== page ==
Learning to Read, Reading to Learn - A Middle Years Literacy Intervention Project: Success for all Learners in the Middle Years of Schooling (5-9)
This paper describes a unique literacy program Learning to Read, Reading to Learn, and its implementation in the Middle Years of Schooling (5-9) by the Catholic Education Office Melbourne, to successfully accelerate the literacy development of “at risk” learners, and close the gap between the most and least successful learners in our schools. It enables teachers to use mainstream texts to scaffold student learning, using a carefully sequenced series of reading, writing and spelling activities which can be applied in all disciplines. The distinctive features of this approach are that it uses high quality, challenging, age-appropriate texts, articulates strongly to mainstream curriculum and assessment practices and rewrites classroom discourse patterns to enable success for all learners. It can be used in mainstream or withdrawal contexts and models literate language features in both fiction and factual texts. Furthermore it is capable of extending the learning of the most competent students in the class or group. Data on student progress, collected over a two year period, shows improvement in literacy outcomes at an average of two to four times expected rates of development, for all students across all classes and schools.
||Literacy Learning, Teacher Professional Development
The International Journal of Learning, Volume 13, Issue 11, pp.73-84.
Article: Print (Spiral Bound).
Article: Electronic (PDF File; 1.232MB).
Senior Education Officer, School Services, Catholic Education Office Melbourne, Australia
Claire Acevedo is a Senior Education Officer at the Catholic Education Office in Melbourne. She is responsible for the implementation of the Middle Years Literacy Project (Yrs 5 -9) and Secondary Literacy provision as part of the CEO Literacy Advance Strategy. In her current role she provides professional development and strategic advice to teachers and school leaders in the area of Literacy and curriculum and leads and co-ordinates research projects in the areas of Literacy Intervention and Inclusive Curriculum for marginalised students. She is an experienced secondary ESL and LOTE teacher who has taught in the adult literacy and tertiary education sectors. She has been involved in leadership, whole school literacy initiatives and school based research into literacy learning in Catholic schools for many years.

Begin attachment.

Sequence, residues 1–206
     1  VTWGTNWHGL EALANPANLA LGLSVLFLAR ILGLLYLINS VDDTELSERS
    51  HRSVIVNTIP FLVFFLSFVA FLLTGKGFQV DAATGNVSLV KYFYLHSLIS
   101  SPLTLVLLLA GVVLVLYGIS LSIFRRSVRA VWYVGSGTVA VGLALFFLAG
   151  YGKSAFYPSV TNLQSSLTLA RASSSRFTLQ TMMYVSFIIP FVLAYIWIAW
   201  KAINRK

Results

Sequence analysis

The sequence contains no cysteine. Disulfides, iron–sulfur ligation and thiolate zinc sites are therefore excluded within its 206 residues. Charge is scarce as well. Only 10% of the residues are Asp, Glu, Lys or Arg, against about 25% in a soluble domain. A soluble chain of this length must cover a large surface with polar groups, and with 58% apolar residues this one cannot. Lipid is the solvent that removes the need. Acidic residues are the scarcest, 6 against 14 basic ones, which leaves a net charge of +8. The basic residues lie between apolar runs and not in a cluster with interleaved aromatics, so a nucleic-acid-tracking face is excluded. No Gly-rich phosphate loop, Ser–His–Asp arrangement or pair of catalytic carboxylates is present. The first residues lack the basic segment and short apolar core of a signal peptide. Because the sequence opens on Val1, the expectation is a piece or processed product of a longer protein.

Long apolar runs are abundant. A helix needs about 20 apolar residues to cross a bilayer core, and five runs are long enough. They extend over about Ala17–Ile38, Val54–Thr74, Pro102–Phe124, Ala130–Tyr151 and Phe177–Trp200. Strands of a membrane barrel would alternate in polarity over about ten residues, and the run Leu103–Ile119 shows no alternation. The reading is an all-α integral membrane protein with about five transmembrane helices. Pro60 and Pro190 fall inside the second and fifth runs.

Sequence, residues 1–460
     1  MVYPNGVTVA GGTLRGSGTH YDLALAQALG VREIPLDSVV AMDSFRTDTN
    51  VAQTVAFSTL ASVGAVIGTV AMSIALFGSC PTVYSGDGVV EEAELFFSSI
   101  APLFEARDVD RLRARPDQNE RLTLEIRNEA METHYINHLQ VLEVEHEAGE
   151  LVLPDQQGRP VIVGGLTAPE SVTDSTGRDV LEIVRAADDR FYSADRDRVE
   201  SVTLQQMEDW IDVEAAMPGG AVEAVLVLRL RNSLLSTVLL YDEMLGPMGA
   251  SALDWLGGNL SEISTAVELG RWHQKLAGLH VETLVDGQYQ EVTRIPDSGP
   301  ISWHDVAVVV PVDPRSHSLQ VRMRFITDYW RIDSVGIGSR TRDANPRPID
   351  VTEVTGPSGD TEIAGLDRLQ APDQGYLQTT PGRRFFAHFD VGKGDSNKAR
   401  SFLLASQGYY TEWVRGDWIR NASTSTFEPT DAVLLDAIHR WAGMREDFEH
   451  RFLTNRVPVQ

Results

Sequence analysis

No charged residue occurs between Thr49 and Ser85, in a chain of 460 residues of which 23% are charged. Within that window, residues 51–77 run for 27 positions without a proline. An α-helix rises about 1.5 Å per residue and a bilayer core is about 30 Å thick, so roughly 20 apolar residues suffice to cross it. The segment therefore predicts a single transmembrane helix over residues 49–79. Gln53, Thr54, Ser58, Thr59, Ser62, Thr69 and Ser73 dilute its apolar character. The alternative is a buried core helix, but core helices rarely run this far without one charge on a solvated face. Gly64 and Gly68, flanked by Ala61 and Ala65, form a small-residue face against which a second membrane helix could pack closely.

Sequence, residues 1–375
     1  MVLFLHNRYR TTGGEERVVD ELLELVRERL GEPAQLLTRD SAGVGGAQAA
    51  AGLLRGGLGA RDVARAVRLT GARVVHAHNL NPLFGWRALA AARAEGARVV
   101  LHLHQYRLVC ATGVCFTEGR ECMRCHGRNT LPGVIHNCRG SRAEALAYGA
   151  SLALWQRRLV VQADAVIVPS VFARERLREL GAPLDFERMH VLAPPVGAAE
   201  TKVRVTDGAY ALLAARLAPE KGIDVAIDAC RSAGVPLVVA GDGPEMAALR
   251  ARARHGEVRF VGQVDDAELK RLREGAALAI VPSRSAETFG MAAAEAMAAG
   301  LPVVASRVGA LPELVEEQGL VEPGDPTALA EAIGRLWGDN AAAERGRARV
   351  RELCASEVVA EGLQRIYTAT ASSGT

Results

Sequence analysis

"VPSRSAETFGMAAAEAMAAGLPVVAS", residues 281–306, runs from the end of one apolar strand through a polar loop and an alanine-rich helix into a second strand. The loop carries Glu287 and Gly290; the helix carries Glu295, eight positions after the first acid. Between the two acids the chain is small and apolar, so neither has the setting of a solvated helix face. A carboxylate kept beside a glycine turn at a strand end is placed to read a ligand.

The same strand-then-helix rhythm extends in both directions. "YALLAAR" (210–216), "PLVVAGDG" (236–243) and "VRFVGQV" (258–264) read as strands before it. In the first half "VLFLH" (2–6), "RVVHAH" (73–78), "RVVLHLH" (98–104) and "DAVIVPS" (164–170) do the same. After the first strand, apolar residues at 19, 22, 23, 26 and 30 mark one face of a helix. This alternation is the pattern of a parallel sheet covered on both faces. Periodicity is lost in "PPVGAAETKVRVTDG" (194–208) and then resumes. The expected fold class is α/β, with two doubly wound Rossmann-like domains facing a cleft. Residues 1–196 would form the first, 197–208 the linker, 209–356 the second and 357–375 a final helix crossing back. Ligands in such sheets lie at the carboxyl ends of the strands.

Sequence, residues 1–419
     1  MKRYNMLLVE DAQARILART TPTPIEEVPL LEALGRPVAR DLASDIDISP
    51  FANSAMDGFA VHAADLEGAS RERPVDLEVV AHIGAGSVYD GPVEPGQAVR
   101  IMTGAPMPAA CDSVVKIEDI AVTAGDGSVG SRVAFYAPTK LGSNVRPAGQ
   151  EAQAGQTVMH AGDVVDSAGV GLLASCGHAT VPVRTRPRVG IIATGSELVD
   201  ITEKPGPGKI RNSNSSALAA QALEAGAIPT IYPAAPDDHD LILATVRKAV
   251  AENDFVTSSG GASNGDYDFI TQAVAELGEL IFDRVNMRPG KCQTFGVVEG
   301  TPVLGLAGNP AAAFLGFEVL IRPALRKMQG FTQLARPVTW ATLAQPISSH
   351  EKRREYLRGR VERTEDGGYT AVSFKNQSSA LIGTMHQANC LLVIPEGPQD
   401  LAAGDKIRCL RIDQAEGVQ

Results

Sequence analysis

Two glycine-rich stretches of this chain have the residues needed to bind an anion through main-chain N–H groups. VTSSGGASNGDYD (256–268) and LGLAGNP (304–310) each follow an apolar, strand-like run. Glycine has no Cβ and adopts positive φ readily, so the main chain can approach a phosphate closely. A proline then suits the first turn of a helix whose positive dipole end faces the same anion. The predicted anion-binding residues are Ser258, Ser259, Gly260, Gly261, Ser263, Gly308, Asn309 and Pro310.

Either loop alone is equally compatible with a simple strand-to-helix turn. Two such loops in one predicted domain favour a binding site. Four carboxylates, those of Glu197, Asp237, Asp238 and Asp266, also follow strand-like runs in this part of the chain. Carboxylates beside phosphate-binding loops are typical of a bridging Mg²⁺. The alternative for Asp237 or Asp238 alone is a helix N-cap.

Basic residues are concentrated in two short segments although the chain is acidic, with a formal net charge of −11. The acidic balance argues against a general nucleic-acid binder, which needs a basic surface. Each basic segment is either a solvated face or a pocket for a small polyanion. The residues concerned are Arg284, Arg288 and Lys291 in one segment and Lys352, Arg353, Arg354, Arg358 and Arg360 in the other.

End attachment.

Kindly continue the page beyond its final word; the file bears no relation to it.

Principal Research Fellow, Faculty of Education and Social Work, University of Sydney, Australia
Dr David Rose coordinates a long-term action research program in language and literacy, entitled Learning to Read: Reading to Learn. This program trains teachers from junior primary, though secondary to university levels in literacy scaffolding strategies. It currently conducts major training programs with state and independent school systems in NSW and Victoria, and in universities across Australia, and in South Africa and Latin America. Within Sydney University the program works with the Koori Centre and Yooroang Garang School of Indigenous Health. David's work has been particularly concerned with Indigenous Australian communities, languages and education programs, with whom he has worked for 25 years, in remote communities in northern and central Australia, as well as in NSW, Victoria and South Australia. As well as literacy teaching and teacher education, David's primary research interests now include language and cultural contexts and language evolution. He is the author of The Western Desert Code: an Australian cryptogrammar. Canberra: Pacific Linguistics, 2001, Working with Discourse: meaning beyond the clause (with J.R. Martin). London: Continuum, 2003 and Genre Relations: mapping culture (also with J.R. Martin). London: Equinox, 2005.
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